5 Tips to Be a Better Contract Administrator
Posted on August 25, 2019 | ⌚ 4 min read
A contract is like a marriage, a long undertaking that requires a lot of understanding and effort to reap its rewards. Contract administration is the process of monitoring and managing a contract, and other legally enforced agreements, during its execution phase. This includes monitoring of contractors, construction, suppliers and other service and goods providers during the execution of the project.
Proper contract administration is crucial to a smooth execution of a contract, as it is the contract administrator that ensures that all process are carried out in accordance with the provisions of the contract, and endeavors to solve problems and issues before they grow and escalate into multi-million claims and disputes
For the contract administration process be truly effective, it is should start during the very early phases of the project. During the tendering phase of the project, contract administrators can highlight risk and opportunities in the proposed contracts, negotiate unacceptable clauses and decrease the likelihood of unknown risks, resulting in more accurate bids.
However, most contractors view the contract administration as an expensive luxury, and as a result place more emphasis on the 'real work' at site on usually ambitious contracts that place a lot of risk on the contractor.
This strategy usually gives rise to many small and minor issues, deviations and non-compliance with contractual provisions and requirements, which then forces the contractor to pay more attention to proper contract administration process, which may be too late.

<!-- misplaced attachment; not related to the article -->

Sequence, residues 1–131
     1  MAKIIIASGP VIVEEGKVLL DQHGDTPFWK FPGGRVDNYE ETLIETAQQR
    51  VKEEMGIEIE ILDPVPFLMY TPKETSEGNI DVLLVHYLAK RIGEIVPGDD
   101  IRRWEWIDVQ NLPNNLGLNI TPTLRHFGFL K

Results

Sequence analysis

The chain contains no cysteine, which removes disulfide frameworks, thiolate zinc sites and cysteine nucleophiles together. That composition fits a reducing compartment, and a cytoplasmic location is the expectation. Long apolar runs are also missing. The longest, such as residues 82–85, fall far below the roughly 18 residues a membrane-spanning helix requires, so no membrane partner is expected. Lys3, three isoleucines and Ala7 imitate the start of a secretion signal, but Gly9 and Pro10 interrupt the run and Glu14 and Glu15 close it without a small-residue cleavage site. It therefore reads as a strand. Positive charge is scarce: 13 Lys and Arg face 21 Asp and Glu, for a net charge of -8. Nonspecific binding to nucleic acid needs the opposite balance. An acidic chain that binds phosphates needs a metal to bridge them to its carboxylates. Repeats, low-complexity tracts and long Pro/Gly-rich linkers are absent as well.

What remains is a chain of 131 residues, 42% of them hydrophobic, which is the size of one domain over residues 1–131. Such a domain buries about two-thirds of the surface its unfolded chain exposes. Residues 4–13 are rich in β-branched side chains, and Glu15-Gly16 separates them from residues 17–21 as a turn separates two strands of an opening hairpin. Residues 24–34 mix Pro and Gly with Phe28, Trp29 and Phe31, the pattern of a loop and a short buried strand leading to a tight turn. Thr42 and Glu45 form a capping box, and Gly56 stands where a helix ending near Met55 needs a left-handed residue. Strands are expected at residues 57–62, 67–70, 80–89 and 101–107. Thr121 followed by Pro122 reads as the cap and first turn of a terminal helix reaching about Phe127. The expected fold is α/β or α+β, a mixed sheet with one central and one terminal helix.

Obviously, the role of the contract administrator is of critical, yet underrated, importance to the project. Over the period of my professional experience, I have come to a conclusion that to quickly achieve proficiency as a contract administrator as a contractor in construction projects, there are five (5) things to do:
Study FIDIC Contracts
Most international construction projects are built on a FIDIC contract template. FIDIC stands for F d ration Internationale Des Ing nieurs-Conseils (International Federation of Consulting Engineers in English), and publishes the renowned FIDIC family of contract templates.
The most common contract of the FIDIC family is the contract for "building and engineering works designed by the employer" published in 99 commonly referred to as the "Red Book".
In depth knowledge of the procedures, terminologies and the workings of a FIDIC contract is very important and is usually a prerequisite for a contract administration job.
Among the most important FIDIC Redbook 99 clauses are
- Clause 4, which describes the duties and responsibilities of the contractor,
- Clause 8, which describes the commencement, times for completion, delays, programme and extension of times,
- Clause 11, which describes the defects liability period and the responsibilities of all parties,
- Clause 13, the powerful clause that entitles the engineer to issue changes or variations to the scope of work,
- Clause 14, describes the process of payments and changes to rates,
- Clause 15, entitles the employer to terminate the contract in specific circumstances, and
- Clause 20, the controversial claim clause, which includes a time-bar.
Review the Contract Before Signing
If you are involved in the pre-award phase, reviewing and negotiating contract clauses can greatly benefit the project to your advantage.